“Flight” is a mildly enlightening showcase for Denzel (3.5/5)


An actor playing against type often leads to surprising results. Whether it’s Jim Carrey’s foray in to drama or James Franco’s random comedic flights, an actor expanding their cinematic strengths rarely fails to entertain. Denzel Washington, one of the most charismatic and compelling performers of the last 25 years, is a prime example of an actor eradicating audience expectations. Throughout the late 80’s and 90’s, Denzel was film’s stoic good guy. Realistically, he could do no wrong. Yet, for as lovable as Denzel was, he never really broke the mold he established for himself. That is until the bankable actor took wildly different turns in He Got Game and Training Day, with the latter being a film that showed a dangerously combustible side that Denzel had burrowed deep within his soul. The black abyss swallowed whatever goodwill Denzel harvested for the better part of twenty years. Over the last five or so years, Denzel continued to reshape his angelic image into a brooding badass that is often tough to root for. His latest film, Flight, provides him with another role that distances him from the monochromatic, wholly likable characters that litter his past films.

In Flight, a film that finds director Robert Zemeckis revitalizing his interest in live action filmmaking after failing to generate worthwhile animated films, Denzel plays a troubled pilot fueled by an unquenchable thirst for alcohol. His character, Whip Whittaker, needs alcohol like a fish needs water. The alcohol, which acts a suppressant for his decaying family life, often doubles as a tool to control the excessive amount of nose candy he snorts. If there was ever a man in need of rehab, it would be Whip. As fate would have it, Whip’s chemical dependency goes from sad to ironic on one faithful morning. Drunk and in no condition to fly, Whip takes the reigns of a plane destined to fail.  Whip’s unmatched talent gets his plane through a dangerous storm, but he can’t circumvent an unforeseen mechanical error that forces his plane to uncontrollably nosedive. Whit’s unshakeable presence is impressive in an emergency situation, but it’s his inebriation that relieves him of inaction and inhibition. Because of his chemical freedom, Whit lands his commercial airliner with only a handful of casualties. Miraculous would be an understated word to describe Whit’s ballsy move.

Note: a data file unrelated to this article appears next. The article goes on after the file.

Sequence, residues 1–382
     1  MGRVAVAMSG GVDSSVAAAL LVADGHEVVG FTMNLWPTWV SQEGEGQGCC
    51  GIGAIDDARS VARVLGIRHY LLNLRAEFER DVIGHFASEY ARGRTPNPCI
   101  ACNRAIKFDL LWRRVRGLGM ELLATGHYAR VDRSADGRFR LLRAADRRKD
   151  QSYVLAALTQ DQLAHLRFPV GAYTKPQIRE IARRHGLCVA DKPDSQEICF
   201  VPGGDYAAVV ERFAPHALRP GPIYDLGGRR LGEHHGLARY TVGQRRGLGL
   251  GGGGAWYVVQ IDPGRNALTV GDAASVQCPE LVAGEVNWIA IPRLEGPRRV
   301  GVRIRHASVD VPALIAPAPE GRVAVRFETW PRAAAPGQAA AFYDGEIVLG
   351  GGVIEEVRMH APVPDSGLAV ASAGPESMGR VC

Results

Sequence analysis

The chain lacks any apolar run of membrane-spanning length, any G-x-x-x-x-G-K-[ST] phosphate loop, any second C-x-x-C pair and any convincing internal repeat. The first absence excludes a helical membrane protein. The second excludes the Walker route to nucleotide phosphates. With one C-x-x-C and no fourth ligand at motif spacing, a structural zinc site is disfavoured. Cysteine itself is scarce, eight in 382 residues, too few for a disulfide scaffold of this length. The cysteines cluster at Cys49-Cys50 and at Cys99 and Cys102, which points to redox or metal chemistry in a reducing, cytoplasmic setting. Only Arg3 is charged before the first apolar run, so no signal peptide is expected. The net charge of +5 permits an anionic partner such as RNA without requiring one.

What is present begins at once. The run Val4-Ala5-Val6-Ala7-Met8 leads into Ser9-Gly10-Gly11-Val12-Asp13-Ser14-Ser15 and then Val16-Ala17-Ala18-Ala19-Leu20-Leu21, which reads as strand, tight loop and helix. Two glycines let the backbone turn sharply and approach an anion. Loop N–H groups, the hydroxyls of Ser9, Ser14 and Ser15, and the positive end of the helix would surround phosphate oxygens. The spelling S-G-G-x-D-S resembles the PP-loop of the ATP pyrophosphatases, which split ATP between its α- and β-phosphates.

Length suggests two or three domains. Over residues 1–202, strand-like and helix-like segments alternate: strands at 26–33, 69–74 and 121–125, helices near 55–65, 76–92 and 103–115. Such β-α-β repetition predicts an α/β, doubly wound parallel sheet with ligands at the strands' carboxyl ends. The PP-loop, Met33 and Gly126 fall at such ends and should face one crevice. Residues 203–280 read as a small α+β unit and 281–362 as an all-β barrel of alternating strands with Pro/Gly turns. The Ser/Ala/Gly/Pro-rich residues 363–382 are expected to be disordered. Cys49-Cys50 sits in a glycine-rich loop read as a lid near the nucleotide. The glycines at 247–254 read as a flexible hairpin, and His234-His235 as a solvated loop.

As is the case with any airliner crash, the plane and its crew are meticulously investigated to understand how such a tragedy could occur. Suddenly, a hero becomes a target of inquisitions, and a cover-up of excessive drinking becomes inevitable. From media hounds to defense attorneys, Whip’s broken life faces intense scrutiny, pushing him further in to a cold, bottomless bottle. Denzel’s charm relieves his character from our disdain, but doesn’t entirely rid him of his demons. Ferociously arrogant when he’s drunk and challenged by his peers, Denzel is fearless when it comes to scenes that paint Whip as an asshole. Denzel refuses to spare truth in favor of an entirely likeable character. Counteracting the edge Denzel gives Whip are scenes of sheepish vulnerability, where drunken stupors unearth a life once forgotten.  As a matter of fact, outside of the film’s lone impressive set piece, Flight is about a man’s inability to get around the wind.

Unfortunately, director Zemeckis doesn’t seem to know how he wants to treat Whip: Is he a cool, suave womanizer or an infuriating person that desperately needs help? Zemeckis certainly stages moments of brevity for Whip, especially the ending, but he also correlates Whip’s chemical indulgences with stylistic camera flourishes and “cool” music.  These contradictory tones make it hard to ultimately latch onto the film’s larger theme of redemption. Further undermining the film’s ability to sell its themes and polarizing lead character is Zemeckis’ lack of subtlety. From on the nose song choices, most notably songs about ‘feeling good’ when Whip recedes from sobriety, to scenes involving Whip’s vacant family life, Zemeckis’ beats us over the head with the obvious. When we’re not being bludgeoned with overtly symbolic cues, Flight fails to entertain or enlighten with its various subplots, most of which feel understated when compared to Denzel’s efforts. Granted, they’re designed as revelatory moments for Whip’s enduring chemical problems, but the emotional resonance present is a testament to Denzel’s acting more than the script and direction. If not for Denzel’s performance, Flight would be a tonally spastic film with only one tremendous sequence to its credit. Fortunately for Zemeckis, Denzel lifts Flight when it should probably be grounded.

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